Is anybody minding the store over there?
An Egyptian-born imam who in 2007 said that Somali-born activist Ayaan Hirsi Ali should receive the death penalty for her criticism of Islam is now a Department of Justice contractor hired to teach classes to Muslims who are in federal prison.
According to federal spending records, Fouad ElBayly, the imam at Islamic Center of Johnstown in Pennsylvania, was contracted by the DOJ’s Bureau of Prisons beginning last year to teach the classes to Muslim inmates at Cumberland Federal Correctional Institution in Cumberland, MD. The records show that ElBayly has two contracts worth $12,900 to teach the classes and to provide the inmates “leadership and guidance.”
ElBayly first received media attention almost eight years ago, when, as the imam at the Islamic Center of Johnstown, Pennsylvania, he raised hell about a scheduled appearance of Hirsi Ali at the University of Pittsburgh. He called her “poisonous” and wanted her banned from speaking. Then he defended killing apostates like her:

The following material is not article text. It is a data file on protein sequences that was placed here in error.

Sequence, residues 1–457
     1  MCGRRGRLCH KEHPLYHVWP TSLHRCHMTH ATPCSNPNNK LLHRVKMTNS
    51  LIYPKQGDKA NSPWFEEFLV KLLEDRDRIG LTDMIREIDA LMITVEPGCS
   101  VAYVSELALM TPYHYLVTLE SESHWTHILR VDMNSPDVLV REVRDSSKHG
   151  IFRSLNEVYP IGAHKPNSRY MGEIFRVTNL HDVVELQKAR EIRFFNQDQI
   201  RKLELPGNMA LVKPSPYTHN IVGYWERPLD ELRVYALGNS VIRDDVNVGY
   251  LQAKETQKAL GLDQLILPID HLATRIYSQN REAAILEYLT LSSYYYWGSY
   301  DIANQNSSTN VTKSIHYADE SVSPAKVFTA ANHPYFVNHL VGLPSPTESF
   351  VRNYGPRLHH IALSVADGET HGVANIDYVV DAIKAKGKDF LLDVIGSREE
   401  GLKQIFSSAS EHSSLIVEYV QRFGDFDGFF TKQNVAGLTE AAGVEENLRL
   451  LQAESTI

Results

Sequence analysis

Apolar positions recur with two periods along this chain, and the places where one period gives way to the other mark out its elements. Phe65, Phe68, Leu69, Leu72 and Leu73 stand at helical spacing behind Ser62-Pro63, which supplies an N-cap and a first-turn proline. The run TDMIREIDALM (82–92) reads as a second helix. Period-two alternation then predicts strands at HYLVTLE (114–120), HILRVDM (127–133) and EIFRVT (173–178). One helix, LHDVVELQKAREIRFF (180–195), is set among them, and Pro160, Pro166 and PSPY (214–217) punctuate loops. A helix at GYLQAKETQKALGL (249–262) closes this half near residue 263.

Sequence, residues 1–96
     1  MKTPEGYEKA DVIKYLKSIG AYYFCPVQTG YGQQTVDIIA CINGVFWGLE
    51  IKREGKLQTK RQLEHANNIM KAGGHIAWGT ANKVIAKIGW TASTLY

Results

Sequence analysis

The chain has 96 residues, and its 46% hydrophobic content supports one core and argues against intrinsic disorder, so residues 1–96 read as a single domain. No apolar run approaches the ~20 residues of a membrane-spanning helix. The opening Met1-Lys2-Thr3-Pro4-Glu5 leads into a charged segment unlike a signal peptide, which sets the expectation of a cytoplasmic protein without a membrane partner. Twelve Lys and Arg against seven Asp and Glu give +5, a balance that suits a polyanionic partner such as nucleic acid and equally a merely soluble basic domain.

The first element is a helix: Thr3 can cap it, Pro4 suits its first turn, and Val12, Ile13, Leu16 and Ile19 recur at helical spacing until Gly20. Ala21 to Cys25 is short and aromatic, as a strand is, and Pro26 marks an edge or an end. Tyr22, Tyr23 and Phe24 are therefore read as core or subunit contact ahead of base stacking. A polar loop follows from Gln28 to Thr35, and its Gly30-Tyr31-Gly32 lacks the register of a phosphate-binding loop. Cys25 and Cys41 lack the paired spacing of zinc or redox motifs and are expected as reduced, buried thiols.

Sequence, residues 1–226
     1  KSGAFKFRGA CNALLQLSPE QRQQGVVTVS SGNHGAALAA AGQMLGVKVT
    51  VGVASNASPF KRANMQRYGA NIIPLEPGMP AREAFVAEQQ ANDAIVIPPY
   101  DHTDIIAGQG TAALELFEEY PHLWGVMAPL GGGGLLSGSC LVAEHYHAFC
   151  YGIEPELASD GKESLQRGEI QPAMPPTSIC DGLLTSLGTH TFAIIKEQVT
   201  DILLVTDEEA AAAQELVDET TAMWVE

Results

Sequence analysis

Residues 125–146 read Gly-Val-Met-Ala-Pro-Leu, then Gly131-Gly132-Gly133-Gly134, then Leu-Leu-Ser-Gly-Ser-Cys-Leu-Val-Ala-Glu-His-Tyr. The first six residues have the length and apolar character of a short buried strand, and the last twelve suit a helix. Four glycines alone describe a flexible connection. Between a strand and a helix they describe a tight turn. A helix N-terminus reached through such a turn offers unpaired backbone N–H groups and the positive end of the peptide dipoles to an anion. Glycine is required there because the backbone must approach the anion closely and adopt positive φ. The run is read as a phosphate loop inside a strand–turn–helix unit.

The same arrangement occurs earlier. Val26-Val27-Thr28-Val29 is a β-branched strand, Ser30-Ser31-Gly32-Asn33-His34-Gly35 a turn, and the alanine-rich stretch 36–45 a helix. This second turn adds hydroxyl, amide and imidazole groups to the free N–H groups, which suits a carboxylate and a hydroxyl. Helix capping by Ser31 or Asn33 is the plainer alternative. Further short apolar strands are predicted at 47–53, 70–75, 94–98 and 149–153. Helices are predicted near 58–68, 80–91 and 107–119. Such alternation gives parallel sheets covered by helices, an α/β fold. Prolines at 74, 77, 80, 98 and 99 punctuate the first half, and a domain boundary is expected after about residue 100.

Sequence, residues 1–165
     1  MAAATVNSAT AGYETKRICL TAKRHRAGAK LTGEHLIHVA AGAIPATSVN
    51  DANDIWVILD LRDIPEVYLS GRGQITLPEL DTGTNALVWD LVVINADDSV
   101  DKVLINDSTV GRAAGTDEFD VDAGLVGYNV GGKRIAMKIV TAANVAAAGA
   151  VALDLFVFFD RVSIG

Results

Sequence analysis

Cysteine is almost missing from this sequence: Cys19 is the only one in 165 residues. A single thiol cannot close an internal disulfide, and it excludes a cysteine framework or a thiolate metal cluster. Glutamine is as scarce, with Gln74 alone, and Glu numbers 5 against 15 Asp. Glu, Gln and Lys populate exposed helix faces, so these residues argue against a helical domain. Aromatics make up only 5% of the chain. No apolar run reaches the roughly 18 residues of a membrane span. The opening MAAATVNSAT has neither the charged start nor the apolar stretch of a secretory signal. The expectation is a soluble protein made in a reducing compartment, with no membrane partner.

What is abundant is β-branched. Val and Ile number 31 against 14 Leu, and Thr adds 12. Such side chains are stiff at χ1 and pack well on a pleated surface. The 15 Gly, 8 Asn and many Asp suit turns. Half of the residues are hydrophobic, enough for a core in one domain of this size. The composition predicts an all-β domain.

“If you come into the faith, you must abide by the laws, and when you decide to defame it deliberately, the sentence is death,” the imam told a local newspaper ahead of her university visit.
“I don’t want her to poison anyone’s mind,” Qazi said. “She doesn’t believe in God. How can she talk about God?”
After withering publicity, ElBayly announced he’d step down from his Islamic Center post. If he ever did, it was a temporary arrangement; these days, he identifies himself as the center’s imam all over again.
It is unclear how ElBayly, the recent recipient of almost 13 grand in American tax dollars, dealt with the DoJ requirement that contractors sign off on the statement ”I do not endorse nor will I practice or use language in the institution that will support violence, terrorism, discrimination against other inmates.” The poor phrasing can be read to mean that signees will not support violence and discrimination against prisoners, and as Hirsi Ali is not in jail, that would exclude her.
On the other hand, it’s possible that the imam has truly sworn off his old, vile ideas. We don’t know: He didn’t respond to a journalist’s request for clarification. Neither could anyone at the DoJ’s Bureau of Prisons or the Cumberland prison be persuaded to comment.
If the federal government cannot find Muslim clergy without ElBayly’s highly objectionable baggage, I wonder what that says about the candidate pool, and about the religion those candidates represent.
(Image via AHA Foundation)